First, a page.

The National, Friday, 27th May 2011
By FRANK SENGE KOLMA
THE system of trust accounts into which millions of kina has been parked since 2006 has failed to ensure the proper and lawful handling of public monies or to effect government policy, the Public Accounts Committee has reported to parliament.
This had result in failed development and service delivery, it said.
Accounting of trust accounts in which some K6 billion of excess money from high commodity prices were kept and spent had collapsed by 2007 and had not improved to this year.
PNG may never know how much exactly these windfall gains had evaporated since the last of these funds were expended in 2009.
The PAC reported widespread and significant misconduct, misappropriation and defalcation by trustees or signatories across the whole span of government from national agencies right down to the district level.
Not one agency of government complied with all trust accounting requirements and almost all obeyed none of the requirements and this situation still prevailed this year.
Among others, the PAC listed the following:
.Trust managers regularly breached their duties and
obligations with no fear of
detection or punishment;
.There was no reliable register of trust, accounts, bank accounts, trust instruments or monies held in the accounts;
.Neither the PAC nor the government knew or could ascertain the number of trust accounts, the amount of money in them, the true balance of trust accounts, the identity of trustees, the terms of trust instruments or any other incident of the trusts;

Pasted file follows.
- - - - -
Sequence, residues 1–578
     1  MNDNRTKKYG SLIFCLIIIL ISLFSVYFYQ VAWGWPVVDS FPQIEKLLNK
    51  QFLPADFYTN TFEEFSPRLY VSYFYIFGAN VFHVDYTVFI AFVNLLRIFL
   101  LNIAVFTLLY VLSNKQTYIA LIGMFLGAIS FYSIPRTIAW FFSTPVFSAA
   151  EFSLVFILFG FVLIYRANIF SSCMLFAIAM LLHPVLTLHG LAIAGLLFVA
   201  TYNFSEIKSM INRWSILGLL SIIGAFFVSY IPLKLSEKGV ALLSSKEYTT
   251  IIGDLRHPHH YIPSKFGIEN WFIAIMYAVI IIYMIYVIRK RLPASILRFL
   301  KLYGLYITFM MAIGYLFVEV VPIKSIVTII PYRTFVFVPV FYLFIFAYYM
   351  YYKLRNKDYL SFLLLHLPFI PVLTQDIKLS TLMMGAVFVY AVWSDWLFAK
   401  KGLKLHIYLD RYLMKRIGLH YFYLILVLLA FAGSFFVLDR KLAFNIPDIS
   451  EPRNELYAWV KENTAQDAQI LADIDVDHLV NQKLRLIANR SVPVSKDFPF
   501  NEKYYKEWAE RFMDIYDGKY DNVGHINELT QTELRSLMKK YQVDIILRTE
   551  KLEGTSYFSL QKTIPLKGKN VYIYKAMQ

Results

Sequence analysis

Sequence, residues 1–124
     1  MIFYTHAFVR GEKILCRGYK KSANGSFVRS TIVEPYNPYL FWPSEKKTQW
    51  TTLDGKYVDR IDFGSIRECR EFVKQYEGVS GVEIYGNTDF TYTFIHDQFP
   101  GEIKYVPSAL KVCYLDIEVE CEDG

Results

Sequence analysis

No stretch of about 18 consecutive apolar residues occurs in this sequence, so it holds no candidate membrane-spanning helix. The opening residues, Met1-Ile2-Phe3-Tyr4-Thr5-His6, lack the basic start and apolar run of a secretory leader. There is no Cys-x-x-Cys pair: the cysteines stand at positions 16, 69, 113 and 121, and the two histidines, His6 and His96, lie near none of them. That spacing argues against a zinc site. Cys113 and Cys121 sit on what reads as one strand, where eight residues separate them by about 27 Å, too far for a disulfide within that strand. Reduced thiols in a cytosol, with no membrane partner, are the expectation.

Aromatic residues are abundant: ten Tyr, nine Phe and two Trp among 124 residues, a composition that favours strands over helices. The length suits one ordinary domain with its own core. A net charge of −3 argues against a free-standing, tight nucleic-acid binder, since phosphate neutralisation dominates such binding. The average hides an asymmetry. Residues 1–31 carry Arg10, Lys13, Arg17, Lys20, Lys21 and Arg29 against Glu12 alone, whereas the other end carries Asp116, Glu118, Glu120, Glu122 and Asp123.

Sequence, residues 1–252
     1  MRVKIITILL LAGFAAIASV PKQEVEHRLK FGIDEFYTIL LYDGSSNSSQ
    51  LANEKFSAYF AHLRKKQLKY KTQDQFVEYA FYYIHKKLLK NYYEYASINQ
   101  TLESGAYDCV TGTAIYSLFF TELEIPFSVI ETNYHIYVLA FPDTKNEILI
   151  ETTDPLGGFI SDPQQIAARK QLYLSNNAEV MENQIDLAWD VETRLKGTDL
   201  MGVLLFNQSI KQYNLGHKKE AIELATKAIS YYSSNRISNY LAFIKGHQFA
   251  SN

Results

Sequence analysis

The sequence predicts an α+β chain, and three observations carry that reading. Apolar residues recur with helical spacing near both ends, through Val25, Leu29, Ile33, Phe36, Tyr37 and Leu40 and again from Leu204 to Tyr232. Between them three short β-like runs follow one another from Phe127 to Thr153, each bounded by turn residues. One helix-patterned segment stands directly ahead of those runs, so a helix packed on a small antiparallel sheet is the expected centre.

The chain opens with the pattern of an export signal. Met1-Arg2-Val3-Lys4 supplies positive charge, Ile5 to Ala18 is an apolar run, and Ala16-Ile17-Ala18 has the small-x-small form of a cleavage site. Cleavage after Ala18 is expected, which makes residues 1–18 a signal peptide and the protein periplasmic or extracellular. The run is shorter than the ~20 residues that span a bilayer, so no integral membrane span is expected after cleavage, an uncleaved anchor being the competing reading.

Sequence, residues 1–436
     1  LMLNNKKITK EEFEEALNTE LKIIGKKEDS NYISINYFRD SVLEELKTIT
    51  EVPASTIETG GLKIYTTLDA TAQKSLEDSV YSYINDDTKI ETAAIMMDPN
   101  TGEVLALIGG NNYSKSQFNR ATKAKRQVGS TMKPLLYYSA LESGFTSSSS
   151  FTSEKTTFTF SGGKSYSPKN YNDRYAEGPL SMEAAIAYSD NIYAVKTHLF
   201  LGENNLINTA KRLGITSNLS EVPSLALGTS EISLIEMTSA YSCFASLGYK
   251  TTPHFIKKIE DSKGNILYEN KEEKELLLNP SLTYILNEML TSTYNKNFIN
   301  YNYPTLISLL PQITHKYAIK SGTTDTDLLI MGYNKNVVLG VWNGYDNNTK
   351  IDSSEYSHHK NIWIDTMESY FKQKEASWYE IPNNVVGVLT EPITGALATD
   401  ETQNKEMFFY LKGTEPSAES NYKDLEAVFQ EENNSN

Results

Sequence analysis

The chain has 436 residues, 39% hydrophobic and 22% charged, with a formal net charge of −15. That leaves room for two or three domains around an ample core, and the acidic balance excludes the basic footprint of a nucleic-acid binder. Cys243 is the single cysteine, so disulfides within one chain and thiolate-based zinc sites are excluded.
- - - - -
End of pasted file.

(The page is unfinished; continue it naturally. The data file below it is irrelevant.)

.Trust accounts were regularly overdrawn – a legal impossibility;
.Departments responsible for service delivery, co-ordination, development and applying appropriated monies for these purposes had failed to do so and treated trust monies as they pleased – often acting on political direction or pressure;
.Trust accounts which had been closed and which had been unused for years were still operating;
. Trust accounts recorded as having nil balance actually had funds at the bank while accounts which purportedly had balances actually had nil balance; and
. By 2007 the Finance Department had engaged in illegal, unconstitutional and significant mishandling and application of trust accounts and funds under its control.
The list of failures ran on so much so that the PAC reported that it, the auditor-general and fiscal good governance had been held hostage to intentional, planned and deliberate refusal by government bodies to act lawfully and to account properly.
The committee recommended that the government should embark urgently on a programme of training and capacity building for officers charged with handling and applying public monies.
It further recommended the establishment of training colleges and ongoing courses of training and retraining throughout the country.
“This misconduct has been so significant that it has derailed national service delivery and national development and very largely rendered government impotent to effect
its plans and policies,” the PAC report into the 2007 public accounts stated.
“In many ways, this single collapse of accountability has, and continues to, impoverish and marginalise many of our citizens through failed health, education and other service provision.”
The committee recommended to parliament to reassert the full financial systems for the benefit of all citizens who own the money collected and is spent by government every year.